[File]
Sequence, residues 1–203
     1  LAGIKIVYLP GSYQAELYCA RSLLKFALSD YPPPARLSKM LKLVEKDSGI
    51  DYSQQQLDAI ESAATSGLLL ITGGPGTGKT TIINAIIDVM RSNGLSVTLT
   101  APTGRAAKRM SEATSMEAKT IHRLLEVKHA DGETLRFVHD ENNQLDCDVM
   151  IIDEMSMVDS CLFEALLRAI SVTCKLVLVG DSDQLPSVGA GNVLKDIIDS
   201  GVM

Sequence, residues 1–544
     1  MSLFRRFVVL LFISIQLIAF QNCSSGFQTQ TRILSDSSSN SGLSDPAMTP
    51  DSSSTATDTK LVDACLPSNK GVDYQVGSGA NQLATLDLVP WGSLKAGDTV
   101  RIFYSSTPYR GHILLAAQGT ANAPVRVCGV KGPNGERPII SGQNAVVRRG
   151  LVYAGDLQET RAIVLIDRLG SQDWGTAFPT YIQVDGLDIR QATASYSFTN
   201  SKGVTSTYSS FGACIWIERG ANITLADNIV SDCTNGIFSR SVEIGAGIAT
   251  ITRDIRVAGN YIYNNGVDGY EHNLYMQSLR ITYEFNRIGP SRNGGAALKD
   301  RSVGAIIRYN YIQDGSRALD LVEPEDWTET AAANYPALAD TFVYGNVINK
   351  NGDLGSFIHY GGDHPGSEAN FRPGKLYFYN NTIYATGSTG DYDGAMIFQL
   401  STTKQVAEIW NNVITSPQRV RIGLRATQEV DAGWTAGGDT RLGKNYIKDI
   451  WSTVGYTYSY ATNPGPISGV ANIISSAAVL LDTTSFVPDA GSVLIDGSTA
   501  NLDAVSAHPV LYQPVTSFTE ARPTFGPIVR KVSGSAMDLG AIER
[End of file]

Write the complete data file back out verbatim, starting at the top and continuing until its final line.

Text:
Sequence, residues 1–203
     1  LAGIKIVYLP GSYQAELYCA RSLLKFALSD YPPPARLSKM LKLVEKDSGI
    51  DYSQQQLDAI ESAATSGLLL ITGGPGTGKT TIINAIIDVM RSNGLSVTLT
   101  APTGRAAKRM SEATSMEAKT IHRLLEVKHA DGETLRFVHD ENNQLDCDVM
   151  IIDEMSMVDS CLFEALLRAI SVTCKLVLVG DSDQLPSVGA GNVLKDIIDS
   201  GVM

Sequence, residues 1–544
     1  MSLFRRFVVL LFISIQLIAF QNCSSGFQTQ TRILSDSSSN SGLSDPAMTP
    51  DSSSTATDTK LVDACLPSNK GVDYQVGSGA NQLATLDLVP WGSLKAGDTV
   101  RIFYSSTPYR GHILLAAQGT ANAPVRVCGV KGPNGERPII SGQNAVVRRG
   151  LVYAGDLQET RAIVLIDRLG SQDWGTAFPT YIQVDGLDIR QATASYSFTN
   201  SKGVTSTYSS FGACIWIERG ANITLADNIV SDCTNGIFSR SVEIGAGIAT
   251  ITRDIRVAGN YIYNNGVDGY EHNLYMQSLR ITYEFNRIGP SRNGGAALKD
   301  RSVGAIIRYN YIQDGSRALD LVEPEDWTET AAANYPALAD TFVYGNVINK
   351  NGDLGSFIHY GGDHPGSEAN FRPGKLYFYN NTIYATGSTG DYDGAMIFQL
   401  STTKQVAEIW NNVITSPQRV RIGLRATQEV DAGWTAGGDT RLGKNYIKDI
   451  WSTVGYTYSY ATNPGPISGV ANIISSAAVL LDTTSFVPDA GSVLIDGSTA
   501  NLDAVSAHPV LYQPVTSFTE ARPTFGPIVR KVSGSAMDLG AIER